A research collaboration that aims to build new understanding about how religious and transformative experiences occur and shape people’s lives is awarding its first round of funding with more than $1.7 million going to 22 projects.
The Experience Project, a $5.1 million project supported by a grant from the John Templeton Foundation, looks to answer questions about how religious experiences affect a person’s concept of God; how transformative experiences can affect a person’s identity, values, belief system and behaviors; and how religious and other types of transformative experiences differ.
The project is co-directed by Michael Rea, a professor of philosophy, and Samuel Newlands, the William J. and Dorothy K. O’Neill Collegiate Associate Professor in Philosophy — both of the University of Notre Dame’s College of Arts and Letters — and L.A. Paul, a professor of philosophy at the University of North Carolina at Chapel Hill’s College of Arts and Sciences.
One component of the project, Rea said, focuses on the nature and significance of religious experiences.
“We’re trying to figure out what we can and should conclude about God and God’s love for us through the patterns and varieties of religious experiences throughout the world,” he said.
Another component focuses on ordinary but momentous events people face every day, Paul said.
“The project takes a bold new approach to understanding some of life’s deepest existential questions by exploiting the resources of analytic philosophy and empirical social science to try to get a better sense of the importance and meaning of lived experience, self-realization and our understanding of our place in the world,” she said.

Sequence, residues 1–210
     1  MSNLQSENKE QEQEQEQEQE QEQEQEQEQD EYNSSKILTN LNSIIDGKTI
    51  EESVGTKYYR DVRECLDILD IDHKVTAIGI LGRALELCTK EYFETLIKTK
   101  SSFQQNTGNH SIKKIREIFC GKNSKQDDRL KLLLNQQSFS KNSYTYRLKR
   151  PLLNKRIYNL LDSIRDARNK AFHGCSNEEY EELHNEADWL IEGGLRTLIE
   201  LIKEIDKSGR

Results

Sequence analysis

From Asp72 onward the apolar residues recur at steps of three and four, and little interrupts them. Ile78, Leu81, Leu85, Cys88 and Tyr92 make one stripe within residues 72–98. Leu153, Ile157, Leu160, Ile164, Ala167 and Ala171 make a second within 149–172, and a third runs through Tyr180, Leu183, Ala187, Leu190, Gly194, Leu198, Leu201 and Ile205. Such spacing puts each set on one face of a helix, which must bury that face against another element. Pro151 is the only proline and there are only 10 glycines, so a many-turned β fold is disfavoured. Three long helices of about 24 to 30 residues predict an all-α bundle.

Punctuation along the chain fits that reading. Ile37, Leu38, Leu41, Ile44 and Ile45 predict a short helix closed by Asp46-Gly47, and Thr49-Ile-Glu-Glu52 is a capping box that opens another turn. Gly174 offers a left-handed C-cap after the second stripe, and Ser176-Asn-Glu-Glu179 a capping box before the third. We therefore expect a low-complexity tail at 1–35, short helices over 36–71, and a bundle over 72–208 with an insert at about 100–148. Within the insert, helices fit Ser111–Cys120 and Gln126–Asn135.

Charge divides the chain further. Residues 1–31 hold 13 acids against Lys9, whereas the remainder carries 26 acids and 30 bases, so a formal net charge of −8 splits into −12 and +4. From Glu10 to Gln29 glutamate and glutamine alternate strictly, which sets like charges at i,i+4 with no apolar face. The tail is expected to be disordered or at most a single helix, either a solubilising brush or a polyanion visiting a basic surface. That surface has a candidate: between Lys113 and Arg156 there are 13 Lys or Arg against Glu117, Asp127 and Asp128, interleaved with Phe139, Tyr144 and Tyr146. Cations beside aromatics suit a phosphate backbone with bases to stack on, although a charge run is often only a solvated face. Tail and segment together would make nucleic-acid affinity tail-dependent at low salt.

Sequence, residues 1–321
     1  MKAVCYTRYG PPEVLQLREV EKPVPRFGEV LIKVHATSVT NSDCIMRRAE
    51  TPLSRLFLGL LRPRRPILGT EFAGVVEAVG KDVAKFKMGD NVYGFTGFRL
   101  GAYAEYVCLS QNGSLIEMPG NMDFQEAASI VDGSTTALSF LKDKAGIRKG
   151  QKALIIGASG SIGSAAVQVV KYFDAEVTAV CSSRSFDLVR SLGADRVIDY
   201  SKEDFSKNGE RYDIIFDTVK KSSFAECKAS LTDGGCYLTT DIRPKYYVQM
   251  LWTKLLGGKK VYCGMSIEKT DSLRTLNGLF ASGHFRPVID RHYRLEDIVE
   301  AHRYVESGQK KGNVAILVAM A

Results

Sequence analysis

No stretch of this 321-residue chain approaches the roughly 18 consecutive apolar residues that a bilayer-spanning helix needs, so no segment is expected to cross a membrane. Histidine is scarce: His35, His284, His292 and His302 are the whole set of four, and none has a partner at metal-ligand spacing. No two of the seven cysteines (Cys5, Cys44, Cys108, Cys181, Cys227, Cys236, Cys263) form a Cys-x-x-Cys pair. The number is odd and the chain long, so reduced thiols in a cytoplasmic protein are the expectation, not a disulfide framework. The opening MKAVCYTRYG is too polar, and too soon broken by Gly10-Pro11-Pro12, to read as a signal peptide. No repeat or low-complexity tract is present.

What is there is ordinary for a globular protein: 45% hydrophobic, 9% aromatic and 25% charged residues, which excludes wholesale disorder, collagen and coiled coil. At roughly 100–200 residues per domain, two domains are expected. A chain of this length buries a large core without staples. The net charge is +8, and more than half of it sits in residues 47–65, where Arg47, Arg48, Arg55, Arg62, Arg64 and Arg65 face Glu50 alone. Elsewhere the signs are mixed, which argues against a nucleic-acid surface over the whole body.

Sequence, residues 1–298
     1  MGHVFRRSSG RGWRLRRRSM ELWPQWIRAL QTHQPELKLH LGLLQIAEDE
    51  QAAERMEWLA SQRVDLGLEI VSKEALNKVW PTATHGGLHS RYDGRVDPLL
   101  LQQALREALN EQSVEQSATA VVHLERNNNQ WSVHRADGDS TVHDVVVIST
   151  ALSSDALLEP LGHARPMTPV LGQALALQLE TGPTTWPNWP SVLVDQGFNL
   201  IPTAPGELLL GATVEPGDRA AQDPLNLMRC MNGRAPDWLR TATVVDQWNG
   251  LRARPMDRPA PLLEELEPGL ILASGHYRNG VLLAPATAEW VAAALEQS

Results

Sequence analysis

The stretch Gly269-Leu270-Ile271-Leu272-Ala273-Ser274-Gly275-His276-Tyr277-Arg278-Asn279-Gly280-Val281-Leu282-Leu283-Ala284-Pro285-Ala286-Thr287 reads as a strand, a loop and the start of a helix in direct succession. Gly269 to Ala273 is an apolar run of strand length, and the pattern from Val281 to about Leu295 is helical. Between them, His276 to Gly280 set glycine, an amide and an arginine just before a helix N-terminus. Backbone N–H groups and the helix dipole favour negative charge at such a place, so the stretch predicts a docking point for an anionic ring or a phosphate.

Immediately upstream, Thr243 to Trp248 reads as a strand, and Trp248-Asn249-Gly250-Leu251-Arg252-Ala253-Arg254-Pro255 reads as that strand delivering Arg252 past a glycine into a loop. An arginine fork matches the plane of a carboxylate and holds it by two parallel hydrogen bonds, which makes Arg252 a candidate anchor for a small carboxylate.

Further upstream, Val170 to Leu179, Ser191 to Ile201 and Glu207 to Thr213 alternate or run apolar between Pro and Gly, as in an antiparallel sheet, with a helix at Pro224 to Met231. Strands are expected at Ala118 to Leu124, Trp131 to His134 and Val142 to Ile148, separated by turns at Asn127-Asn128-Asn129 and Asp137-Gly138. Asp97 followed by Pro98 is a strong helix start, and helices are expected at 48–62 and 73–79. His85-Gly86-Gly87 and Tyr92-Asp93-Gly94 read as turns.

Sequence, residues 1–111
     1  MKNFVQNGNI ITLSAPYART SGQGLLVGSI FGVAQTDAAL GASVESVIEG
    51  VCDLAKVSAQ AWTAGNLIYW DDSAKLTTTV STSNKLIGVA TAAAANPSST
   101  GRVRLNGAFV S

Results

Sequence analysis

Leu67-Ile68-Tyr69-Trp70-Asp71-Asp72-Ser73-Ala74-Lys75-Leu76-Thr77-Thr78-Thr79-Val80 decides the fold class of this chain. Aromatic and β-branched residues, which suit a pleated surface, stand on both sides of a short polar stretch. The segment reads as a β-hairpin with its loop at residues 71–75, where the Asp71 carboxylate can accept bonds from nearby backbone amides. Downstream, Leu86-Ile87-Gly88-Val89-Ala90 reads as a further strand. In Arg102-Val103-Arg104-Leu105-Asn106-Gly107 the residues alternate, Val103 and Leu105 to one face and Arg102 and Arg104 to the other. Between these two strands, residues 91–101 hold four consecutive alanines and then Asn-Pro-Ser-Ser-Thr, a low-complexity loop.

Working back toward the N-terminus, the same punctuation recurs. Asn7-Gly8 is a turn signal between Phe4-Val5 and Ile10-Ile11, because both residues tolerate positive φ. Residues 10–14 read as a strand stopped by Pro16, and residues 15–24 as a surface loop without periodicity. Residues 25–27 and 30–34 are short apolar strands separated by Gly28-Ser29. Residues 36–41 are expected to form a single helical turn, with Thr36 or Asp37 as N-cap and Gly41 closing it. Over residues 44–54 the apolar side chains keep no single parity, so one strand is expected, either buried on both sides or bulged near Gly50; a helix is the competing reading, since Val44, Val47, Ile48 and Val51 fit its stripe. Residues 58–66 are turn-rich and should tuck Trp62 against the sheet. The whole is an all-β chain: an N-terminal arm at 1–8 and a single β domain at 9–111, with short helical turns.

The project offers non-residential funding and residential fellowships at Notre Dame’s Center for Philosophy of Religion and the University of North Carolina at Chapel Hill, and also funds a series of collaborative workshops.
Project funding falls into one of three research categories — social science, philosophy and philosophy of religion.
Among the projects receiving non-residential funding are:
- “Receptivity of God through Ritual,” by Terence Cuneo, a University of Vermont professor of philosophy. Cuneo will investigate the connection between religious experience and religious activity, especially liturgical activity in the Christian tradition. Through four essays, Cuneo will explore the ways in which people come to appreciate rituals and the crucial role they play in developing an ability to experience God in the ordinary.
- “Transformative Understanding,” by Tania Lombrozo, a University of California, Berkeley, associate professor of psychology. Lombrozo will develop the claim that gaining understanding — as opposed to simply gaining knowledge — is a transformative experience that can change beliefs, values and attitudes. Through a series of studies, she will investigate the nature of transformation people undergo when coming to understand something new and how that understanding can change worldviews.
- “Shifting Bodies, Shifting Feelings: Birth Transforms Positive Emotions from Self-Relevant to the Selfless,” by June Gruber and Sona Dimidjian, psychology faculty members at the University of Colorado Boulder. The pair will test folk theory assumptions that birth radically transforms one’s experience of emotions in ways that cannot be understood without having had the experience. They will examine how birth enhances emotional diversity, specifically selfless emotions.
Nineteen additional projects, including researchers at institutions such as University of Oxford, Princeton University, Harvard University and Massachusetts Institute of Technology, will receive funding in the first round. For a complete list, visit al.nd.edu.
In an upcoming funding cycle, the Experience Project will award additional grants for work in philosophy, theology and religious studies. For more about the project, visit the-experience-project.org.
Originally published by news.nd.edu on September 08, 2015.at